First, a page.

In the meantime, though, I just had to post my thoughts.

Allow me to do an edit on this sentence from the Special Notice: “The SciPak team wishes to commend all journalists concerned with the accurate communication of research news.”

My interpretation: “The SciPak team wishes to hobble all journalists concerned with the accurate communication of research news.”

For what purpose? Control. I’ve said before, self-interest is a perfectly reasonable human motivation. And if journals were more honest about that in their embargo policies, I’d have a lot less to write about. But when they use better science communication, and better journalism, as the rationale for their policies, I’m going to call them on it.

Updated 1:08 p.m. Eastern, 4/8/10: As The Sunday Telegraph’s Richard Gray — please see the comments he emailed me below — notes, his story did not quote Lee Berger. I’ve struck that above. Please also see thoughtful response from Ginger Pinholster below.

Written by Ivan Oransky

April 8, 2010 at 10:00 am

10 Responses

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  1. I interpreted the timing of the embargo as coinciding with the big press conference that was arranged for today. So perhaps they judged it was better to keep it up, to maximise the impact. I don’t know if that was the right decision, but it does make the whole thing even more complicated.

    Bob O'H

    April 8, 2010 at 10:42 am

  2. Dear Ivan, I’m sorry that I wasn’t able to call you back immediately while this episode was still in play. I had still intended to be in touch following a reporter-advisor conference call tomorrow.

    Your post includes some speculation, and you’ve left out several critical details: Specifically, the Sunday Telegraph report of a “missing link” (a term not used by the researchers or in any of our press materials, as you noted correctly) did not mention Science, the species name, or in fact any details relevant to the scientific punchline of the papers. Lifting the embargo preemptively based on that level of teaser story would have resulted in monumental inconvenience for the vast majority of our 6,800 registered reporters, particularly because I literally did not have any way to get the peer-reviewed information to them early on Easter Sunday morning from Florida. My primary concern at that point, as I explained to you in my first email response, was to locate my chief programmer so that he could manually trigger the SciPak, which otherwise is auto-posted much later on Sundays. We were able to accelerate that process. The next step was then to determine whether the greater good would be served by staying the course, given the scant level of detail in the teaser story, thereby giving journalists a chance to read the very large volumes of material and to interview the sources.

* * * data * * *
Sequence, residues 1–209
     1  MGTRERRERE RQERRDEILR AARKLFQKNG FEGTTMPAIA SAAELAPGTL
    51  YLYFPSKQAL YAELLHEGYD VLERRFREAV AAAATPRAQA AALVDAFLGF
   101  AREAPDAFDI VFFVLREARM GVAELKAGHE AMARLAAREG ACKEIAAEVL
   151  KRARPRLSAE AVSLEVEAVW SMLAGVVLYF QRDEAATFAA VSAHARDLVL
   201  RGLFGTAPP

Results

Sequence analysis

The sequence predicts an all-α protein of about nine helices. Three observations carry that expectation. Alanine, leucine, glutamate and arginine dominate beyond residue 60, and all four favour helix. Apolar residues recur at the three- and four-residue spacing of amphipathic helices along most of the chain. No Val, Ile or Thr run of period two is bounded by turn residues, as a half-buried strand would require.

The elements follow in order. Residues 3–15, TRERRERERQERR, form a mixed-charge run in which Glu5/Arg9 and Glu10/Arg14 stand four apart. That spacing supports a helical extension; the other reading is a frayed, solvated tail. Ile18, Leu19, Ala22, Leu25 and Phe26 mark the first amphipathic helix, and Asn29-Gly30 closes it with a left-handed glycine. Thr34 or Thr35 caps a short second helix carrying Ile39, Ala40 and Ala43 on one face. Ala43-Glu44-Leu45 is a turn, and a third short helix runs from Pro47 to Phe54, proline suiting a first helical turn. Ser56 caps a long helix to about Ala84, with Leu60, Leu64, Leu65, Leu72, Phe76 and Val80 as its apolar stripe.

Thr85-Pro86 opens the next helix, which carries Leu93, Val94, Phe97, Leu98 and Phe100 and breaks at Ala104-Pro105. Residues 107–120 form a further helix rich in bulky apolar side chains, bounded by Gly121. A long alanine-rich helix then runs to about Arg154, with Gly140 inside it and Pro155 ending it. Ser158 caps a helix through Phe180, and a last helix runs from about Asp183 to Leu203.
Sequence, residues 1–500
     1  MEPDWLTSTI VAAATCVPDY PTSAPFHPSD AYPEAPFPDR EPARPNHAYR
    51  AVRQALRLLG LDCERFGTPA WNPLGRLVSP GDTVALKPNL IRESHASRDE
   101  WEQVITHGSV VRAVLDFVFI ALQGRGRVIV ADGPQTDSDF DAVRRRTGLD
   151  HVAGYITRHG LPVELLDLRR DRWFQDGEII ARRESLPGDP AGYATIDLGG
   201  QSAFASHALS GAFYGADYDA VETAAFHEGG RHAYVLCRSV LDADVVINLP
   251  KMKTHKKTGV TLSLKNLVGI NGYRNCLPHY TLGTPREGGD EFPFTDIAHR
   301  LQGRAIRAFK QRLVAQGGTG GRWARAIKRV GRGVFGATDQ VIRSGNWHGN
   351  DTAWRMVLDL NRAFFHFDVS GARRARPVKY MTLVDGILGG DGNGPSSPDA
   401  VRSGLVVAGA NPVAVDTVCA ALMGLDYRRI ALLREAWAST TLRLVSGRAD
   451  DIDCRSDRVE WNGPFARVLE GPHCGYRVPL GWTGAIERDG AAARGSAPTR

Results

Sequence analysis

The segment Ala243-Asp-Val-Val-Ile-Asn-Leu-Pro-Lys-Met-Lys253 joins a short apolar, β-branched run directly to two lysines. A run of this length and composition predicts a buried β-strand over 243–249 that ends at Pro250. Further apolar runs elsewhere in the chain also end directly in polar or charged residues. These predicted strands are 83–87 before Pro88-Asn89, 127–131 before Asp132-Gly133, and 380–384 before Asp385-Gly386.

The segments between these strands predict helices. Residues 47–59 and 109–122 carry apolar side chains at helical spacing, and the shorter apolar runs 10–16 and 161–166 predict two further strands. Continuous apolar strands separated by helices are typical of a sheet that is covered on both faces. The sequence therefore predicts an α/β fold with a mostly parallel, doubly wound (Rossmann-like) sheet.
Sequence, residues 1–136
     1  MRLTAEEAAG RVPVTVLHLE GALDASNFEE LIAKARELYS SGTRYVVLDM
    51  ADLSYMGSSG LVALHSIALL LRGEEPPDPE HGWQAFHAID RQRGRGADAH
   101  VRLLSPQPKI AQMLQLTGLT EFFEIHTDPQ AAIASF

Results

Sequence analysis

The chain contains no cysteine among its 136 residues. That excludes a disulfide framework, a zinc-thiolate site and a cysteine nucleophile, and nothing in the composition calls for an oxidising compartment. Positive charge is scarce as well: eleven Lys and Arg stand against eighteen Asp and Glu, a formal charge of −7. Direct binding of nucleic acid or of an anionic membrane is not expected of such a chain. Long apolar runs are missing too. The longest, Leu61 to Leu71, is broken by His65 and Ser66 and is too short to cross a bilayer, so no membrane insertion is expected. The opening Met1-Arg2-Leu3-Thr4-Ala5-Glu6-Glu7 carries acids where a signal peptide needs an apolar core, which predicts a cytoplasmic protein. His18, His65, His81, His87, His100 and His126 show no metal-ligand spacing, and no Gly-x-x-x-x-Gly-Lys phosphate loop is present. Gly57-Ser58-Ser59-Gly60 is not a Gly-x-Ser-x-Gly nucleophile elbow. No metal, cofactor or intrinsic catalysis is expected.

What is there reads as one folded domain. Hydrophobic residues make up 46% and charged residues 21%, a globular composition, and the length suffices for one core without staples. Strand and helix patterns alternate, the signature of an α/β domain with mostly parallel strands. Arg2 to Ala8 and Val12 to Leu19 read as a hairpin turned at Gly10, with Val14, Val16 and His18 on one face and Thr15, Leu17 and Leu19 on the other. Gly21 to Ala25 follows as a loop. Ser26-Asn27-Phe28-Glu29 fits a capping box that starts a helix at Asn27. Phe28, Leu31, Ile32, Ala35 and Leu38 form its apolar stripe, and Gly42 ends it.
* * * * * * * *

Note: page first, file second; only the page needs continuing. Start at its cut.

We decided to go the latter route. My thinking was that I wanted to avoid putting journalists in a position where they would have to scramble so much that they would be forced to simply repost the unfortunate “missing link” teaser.

    I received no pushback on that decision from the Associated Press, the New York Times, the Washington Post, or anyone else who contacted me directly, other than The Times of London, which published a variation of the Sunday Telegraph teaser.

    Incidentally, the NSF misfire, while distressing and unacceptable, seemed to be completely unrelated to the Sunday Telegraph teaser. Our staff had checked NSF’s distribution list in the wake of that incident, after the NSF had issued a correction, and there were no U.K. connections.

    My first notice of the Sunday Telegraph problem was a message on my iPhone from a reporter who forwarded to me a message that you had sent to her with the subject line “embargo break.” That message said, “This is clearly a Science break,” and it included a link to the Sunday Telegraph story. It wasn’t clear to me whether you had sent the email specifically to that reporter as part of ongoing discussion with her, or as part of some listserve communication.